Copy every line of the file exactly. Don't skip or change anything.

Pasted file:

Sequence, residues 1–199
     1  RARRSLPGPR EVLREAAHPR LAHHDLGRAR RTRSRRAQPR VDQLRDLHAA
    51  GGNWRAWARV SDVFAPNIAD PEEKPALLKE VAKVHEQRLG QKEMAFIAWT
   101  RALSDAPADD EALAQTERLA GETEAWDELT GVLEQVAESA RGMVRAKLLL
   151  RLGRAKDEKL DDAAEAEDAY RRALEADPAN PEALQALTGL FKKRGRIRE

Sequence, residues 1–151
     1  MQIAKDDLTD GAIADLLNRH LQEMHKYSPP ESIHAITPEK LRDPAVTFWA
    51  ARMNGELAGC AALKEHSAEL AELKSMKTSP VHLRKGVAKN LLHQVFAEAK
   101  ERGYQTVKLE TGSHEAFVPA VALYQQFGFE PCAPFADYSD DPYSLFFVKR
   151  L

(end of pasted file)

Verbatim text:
Sequence, residues 1–199
     1  RARRSLPGPR EVLREAAHPR LAHHDLGRAR RTRSRRAQPR VDQLRDLHAA
    51  GGNWRAWARV SDVFAPNIAD PEEKPALLKE VAKVHEQRLG QKEMAFIAWT
   101  RALSDAPADD EALAQTERLA GETEAWDELT GVLEQVAESA RGMVRAKLLL
   151  RLGRAKDEKL DDAAEAEDAY RRALEADPAN PEALQALTGL FKKRGRIRE

Sequence, residues 1–151
     1  MQIAKDDLTD GAIADLLNRH LQEMHKYSPP ESIHAITPEK LRDPAVTFWA
    51  ARMNGELAGC AALKEHSAEL AELKSMKTSP VHLRKGVAKN LLHQVFAEAK
   101  ERGYQTVKLE TGSHEAFVPA VALYQQFGFE PCAPFADYSD DPYSLFFVKR
   151  L